“I think that was cultivated, not only by my parents’ example and guidance of me, but also my ability to comprehend it [in English], and perceive it, and to see it done well.”

Retired Msgr. Frederick Easton was ordained in 1966, two years after permission was given to use the vernacular in the liturgy. Yet over the course of his nearly 50 years of priestly life and ministry, he has used his knowledge of Latin constantly in his ministry in canon law in the archdiocese’s Metropolitan Tribunal.

Nevertheless, praying in the vernacular seems wholly natural to him.

“You’re praying in a language that is more immediately conscious to you,” Msgr. Easton said. “The words hit you in the face a little bit more. You ponder them a little bit more.”

At the same time, Gardner acknowledges that the earlier music traditions in the Church that were quickly left behind when the liturgical reforms began to be implemented are starting to be used again.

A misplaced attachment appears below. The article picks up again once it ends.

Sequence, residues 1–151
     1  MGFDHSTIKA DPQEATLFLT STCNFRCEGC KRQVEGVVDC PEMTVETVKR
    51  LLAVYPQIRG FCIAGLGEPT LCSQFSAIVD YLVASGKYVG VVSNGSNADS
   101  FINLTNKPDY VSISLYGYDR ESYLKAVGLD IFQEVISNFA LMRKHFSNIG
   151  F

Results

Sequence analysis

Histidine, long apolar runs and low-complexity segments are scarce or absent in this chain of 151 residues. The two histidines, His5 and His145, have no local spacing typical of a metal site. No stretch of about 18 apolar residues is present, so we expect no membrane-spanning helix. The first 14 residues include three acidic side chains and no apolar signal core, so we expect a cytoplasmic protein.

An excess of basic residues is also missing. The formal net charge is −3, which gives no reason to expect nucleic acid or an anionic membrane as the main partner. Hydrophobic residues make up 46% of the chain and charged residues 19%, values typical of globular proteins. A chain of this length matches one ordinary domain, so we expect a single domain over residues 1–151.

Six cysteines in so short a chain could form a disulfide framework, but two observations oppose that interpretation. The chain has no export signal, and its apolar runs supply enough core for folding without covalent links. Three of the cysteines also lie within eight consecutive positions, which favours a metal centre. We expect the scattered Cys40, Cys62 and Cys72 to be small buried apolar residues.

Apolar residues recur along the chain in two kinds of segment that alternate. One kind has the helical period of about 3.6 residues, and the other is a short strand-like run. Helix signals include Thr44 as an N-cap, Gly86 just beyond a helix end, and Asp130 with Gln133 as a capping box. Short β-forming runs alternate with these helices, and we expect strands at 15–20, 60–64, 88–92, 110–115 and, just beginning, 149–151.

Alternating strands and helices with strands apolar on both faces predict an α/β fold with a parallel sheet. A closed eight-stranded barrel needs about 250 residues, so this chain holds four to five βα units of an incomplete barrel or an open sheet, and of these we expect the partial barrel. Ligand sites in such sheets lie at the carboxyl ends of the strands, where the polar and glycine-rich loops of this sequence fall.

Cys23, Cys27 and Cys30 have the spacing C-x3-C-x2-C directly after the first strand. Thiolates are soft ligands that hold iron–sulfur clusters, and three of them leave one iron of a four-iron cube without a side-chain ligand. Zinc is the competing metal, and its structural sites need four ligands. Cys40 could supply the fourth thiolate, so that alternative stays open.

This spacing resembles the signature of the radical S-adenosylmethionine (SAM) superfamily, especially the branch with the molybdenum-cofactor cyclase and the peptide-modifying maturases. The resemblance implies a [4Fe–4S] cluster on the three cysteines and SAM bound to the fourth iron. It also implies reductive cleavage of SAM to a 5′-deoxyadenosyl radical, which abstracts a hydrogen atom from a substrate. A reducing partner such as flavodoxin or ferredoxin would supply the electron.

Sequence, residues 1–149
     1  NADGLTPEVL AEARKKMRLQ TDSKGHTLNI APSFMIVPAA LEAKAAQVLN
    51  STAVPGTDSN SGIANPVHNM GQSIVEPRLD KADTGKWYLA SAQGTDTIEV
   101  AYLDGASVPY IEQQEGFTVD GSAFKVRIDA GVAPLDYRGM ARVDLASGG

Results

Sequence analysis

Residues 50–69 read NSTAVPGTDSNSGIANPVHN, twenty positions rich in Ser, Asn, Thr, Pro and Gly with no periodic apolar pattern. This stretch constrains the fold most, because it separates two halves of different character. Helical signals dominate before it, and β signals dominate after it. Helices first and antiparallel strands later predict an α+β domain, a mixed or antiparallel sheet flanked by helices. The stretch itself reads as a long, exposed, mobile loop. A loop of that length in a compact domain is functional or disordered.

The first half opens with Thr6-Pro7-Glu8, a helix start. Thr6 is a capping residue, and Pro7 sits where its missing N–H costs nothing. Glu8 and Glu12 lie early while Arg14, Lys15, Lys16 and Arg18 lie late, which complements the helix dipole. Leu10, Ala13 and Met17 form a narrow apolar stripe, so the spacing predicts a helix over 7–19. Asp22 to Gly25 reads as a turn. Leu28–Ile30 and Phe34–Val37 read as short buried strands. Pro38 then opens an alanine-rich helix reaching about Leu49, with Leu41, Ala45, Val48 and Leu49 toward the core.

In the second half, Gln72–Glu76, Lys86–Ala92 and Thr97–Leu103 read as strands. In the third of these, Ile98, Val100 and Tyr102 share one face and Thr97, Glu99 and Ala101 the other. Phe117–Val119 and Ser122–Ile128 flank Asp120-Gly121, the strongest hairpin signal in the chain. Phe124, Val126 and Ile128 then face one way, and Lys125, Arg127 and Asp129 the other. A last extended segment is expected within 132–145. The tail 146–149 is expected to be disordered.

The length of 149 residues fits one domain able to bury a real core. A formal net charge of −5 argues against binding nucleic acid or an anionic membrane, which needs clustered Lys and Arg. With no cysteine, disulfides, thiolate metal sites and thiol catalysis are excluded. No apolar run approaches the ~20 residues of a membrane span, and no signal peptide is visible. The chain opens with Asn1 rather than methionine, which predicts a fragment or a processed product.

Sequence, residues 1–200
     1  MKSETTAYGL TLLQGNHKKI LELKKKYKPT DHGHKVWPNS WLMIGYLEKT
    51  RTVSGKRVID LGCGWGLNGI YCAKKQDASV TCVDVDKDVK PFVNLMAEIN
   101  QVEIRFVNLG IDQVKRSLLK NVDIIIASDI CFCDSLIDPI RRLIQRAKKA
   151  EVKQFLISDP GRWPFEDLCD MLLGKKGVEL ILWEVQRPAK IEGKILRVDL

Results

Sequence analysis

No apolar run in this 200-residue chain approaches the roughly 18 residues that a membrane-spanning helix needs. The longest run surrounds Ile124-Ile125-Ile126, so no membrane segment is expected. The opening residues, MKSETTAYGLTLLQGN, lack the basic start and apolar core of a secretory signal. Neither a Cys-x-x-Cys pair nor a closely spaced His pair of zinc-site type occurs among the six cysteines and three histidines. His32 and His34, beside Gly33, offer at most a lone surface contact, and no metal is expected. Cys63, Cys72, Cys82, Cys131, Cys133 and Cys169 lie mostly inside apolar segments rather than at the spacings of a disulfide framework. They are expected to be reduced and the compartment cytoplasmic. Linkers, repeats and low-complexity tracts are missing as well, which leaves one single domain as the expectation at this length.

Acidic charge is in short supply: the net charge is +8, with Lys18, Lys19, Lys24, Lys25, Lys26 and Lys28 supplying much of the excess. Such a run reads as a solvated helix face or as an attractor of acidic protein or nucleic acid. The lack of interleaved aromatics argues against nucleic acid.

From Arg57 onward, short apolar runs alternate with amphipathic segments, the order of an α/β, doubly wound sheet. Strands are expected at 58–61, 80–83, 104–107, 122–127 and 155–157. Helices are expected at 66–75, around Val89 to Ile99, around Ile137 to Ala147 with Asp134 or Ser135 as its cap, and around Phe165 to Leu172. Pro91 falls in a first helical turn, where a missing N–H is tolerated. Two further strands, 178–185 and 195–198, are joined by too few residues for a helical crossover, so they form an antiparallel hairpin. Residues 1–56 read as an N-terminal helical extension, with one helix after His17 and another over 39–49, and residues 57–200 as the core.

“Some of the appreciation for that is returning,” he said. “But it’s taken quite a few years.”

Even Father Beidelman, who never experienced the Mass celebrated in Latin while growing up, says that he has come to appreciate its use in liturgies where people who speak a variety of languages are worshipping together.

“On this occasion where we are celebrating the use of our native languages,” Father Beidelman said, “we also need to recall how helpful it would be … for us to remember that Latin still has a place in what we’re about as a Church—not as much in the everyday [experience] for most of us, but certainly in some special celebrations to connect with folks of other language groups.” †